The NYSE votes on its historic merger with the Deutsche Boerse in New York this Thursday (I'll be there!)...so why doesn't it feel historic?
Is it the lousy volume that is besetting all exchanges, particularly cash equity exchanges like the NYSE and Nasdaq?
Is it the equally lousy IPO market?
Is it the indifference — even the hostility — of the public toward the stock market?
Is it because the vote seems like a foregone conclusion now that Nasdaq and ICE are out? There's little doubt that the NYSE can get the 50 percent they need, now that proxy firms ISS and Glass Lewis came out in favor of the deal.
Ah, but not so fast.
U.S. and European regulators still have not given approval. The deal needs a nod from the European Commission, national regulators in nine European countries where both companies operate, as well as the U.S. Department of Justice. There is likely to be a little drama there, particularly with European regulators, who will not chime in until after the vote.
What problems could there be? To start, the combined entity would have an essential monopoly on European interest rate futures. That makes participants nervous they might be forced to divest all or part of this very lucrative business.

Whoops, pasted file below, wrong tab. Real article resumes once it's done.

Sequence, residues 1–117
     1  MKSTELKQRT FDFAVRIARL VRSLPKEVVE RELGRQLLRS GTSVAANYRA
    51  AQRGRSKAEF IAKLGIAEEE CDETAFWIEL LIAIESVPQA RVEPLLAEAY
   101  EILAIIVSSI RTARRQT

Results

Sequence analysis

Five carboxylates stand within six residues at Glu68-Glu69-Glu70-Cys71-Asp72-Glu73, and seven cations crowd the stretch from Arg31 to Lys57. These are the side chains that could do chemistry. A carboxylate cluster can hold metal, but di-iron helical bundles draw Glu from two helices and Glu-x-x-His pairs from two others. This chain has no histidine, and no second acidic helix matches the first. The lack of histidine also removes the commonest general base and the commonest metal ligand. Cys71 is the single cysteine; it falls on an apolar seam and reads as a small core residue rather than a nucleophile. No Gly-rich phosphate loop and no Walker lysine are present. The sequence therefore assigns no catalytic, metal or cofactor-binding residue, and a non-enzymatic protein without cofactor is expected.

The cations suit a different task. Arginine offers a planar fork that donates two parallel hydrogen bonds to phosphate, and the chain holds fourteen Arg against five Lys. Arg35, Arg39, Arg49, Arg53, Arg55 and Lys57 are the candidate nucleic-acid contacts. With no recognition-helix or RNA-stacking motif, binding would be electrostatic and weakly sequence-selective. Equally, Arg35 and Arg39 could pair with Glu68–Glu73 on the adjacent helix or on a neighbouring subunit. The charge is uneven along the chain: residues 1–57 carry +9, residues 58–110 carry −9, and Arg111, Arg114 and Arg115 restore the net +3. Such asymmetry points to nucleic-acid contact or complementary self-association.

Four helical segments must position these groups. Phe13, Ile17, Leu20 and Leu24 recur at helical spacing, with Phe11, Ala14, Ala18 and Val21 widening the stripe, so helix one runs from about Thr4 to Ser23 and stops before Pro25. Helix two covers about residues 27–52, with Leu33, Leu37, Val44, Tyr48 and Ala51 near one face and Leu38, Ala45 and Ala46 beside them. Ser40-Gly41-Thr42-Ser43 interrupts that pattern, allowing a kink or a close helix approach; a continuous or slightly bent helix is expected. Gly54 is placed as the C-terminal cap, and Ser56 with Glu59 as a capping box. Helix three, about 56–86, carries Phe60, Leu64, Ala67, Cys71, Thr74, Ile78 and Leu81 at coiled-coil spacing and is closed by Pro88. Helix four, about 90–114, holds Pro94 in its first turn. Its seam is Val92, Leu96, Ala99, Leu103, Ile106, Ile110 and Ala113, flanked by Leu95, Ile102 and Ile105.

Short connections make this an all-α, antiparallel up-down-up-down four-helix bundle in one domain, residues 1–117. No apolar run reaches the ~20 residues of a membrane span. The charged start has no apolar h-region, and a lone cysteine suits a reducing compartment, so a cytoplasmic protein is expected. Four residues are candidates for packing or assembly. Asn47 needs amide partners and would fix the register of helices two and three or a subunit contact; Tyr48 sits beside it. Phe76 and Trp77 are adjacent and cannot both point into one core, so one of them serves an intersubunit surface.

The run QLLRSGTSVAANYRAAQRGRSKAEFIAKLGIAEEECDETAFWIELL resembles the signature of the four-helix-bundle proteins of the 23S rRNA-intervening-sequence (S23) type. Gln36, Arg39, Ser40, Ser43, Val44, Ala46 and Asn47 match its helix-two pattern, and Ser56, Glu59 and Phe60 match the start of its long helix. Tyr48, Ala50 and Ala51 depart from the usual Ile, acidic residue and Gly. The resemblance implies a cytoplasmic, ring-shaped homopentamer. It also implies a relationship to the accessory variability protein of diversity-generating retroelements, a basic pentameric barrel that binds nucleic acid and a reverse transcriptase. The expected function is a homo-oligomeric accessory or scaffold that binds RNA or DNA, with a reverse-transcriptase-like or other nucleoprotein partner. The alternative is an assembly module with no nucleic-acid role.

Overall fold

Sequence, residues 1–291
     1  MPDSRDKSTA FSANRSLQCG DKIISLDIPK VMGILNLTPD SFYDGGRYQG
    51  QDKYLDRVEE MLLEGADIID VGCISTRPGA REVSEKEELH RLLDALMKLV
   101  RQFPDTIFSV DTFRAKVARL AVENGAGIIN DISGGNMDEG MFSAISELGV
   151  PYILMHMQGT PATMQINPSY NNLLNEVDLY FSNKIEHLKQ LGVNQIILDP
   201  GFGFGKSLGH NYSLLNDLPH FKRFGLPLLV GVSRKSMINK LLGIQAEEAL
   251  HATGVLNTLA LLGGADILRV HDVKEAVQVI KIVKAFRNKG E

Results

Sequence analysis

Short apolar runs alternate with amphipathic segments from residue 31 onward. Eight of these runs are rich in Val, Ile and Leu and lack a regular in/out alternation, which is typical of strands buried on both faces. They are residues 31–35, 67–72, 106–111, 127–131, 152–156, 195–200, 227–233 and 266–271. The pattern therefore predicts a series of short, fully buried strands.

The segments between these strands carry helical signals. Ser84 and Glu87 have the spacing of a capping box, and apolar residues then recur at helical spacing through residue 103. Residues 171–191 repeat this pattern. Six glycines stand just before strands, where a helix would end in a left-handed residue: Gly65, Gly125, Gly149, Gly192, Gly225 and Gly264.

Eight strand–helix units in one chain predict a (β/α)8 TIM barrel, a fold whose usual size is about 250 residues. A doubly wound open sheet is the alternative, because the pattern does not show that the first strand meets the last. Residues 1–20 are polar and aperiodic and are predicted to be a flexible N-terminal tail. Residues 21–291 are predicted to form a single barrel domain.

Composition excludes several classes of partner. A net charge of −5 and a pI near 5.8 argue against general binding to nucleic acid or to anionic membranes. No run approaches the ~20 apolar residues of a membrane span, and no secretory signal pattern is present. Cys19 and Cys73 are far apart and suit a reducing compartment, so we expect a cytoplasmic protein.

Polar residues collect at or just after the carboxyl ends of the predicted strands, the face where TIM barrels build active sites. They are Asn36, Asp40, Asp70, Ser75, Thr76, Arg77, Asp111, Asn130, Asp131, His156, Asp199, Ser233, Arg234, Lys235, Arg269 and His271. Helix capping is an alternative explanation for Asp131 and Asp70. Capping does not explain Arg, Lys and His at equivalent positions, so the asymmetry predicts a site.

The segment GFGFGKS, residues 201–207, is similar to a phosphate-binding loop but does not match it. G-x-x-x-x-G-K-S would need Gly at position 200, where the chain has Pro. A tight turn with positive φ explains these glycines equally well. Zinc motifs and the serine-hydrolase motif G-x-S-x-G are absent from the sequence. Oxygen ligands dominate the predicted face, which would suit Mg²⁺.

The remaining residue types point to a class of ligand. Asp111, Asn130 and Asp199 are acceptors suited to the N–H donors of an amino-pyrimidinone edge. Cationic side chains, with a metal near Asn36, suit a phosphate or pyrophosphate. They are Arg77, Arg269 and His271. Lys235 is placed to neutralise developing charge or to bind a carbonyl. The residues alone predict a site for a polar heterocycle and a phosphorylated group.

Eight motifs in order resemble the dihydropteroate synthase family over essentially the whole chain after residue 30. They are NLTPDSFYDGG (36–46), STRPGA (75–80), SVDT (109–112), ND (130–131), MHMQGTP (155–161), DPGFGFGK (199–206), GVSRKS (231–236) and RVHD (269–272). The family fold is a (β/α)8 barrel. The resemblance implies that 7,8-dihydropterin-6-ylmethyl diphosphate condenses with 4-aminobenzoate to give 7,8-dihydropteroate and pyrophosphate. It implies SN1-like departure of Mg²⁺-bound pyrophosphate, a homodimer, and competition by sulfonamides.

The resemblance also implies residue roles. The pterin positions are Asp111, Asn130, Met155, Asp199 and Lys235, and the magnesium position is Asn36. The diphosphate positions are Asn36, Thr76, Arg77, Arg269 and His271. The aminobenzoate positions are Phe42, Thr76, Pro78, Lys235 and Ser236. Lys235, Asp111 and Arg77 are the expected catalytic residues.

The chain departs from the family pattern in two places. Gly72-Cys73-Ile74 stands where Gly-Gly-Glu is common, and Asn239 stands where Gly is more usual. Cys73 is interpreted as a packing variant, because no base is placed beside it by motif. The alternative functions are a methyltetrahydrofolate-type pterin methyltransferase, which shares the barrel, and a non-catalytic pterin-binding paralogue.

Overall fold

And that is probably why the NYSE and DB are happy to keep a low profile: neither company wants any problems (or wants to grant significant concessions) to regulators.
Given that the Australian government recently nixed the merger between the Australian Stock Exchange and the Singapore Exchange, and the Toronto Stock Exchange failed to merge with the London Stock Exchange...a quiet merger is in both camp's interest.
It may be a little tighter for the Deutsche Boerse vote as well: shareholders have until July 13th to tender their shares; they need 75 percent approval.
One big carrot: only those DB shareholders who tender their shares will get the special 2 euro dividend if the deal closes. That's different from the NYSE, where all shareholders will get the dividend regardless of how they vote.
Meanwhile...all indications are trading activity at the exchanges was even weaker than (lowered) expectations...Q2 volumes at the NYSE were down 36 percent in the U.S. compared to a year ago and down only 8 percent in Europe, according to Jeffries.
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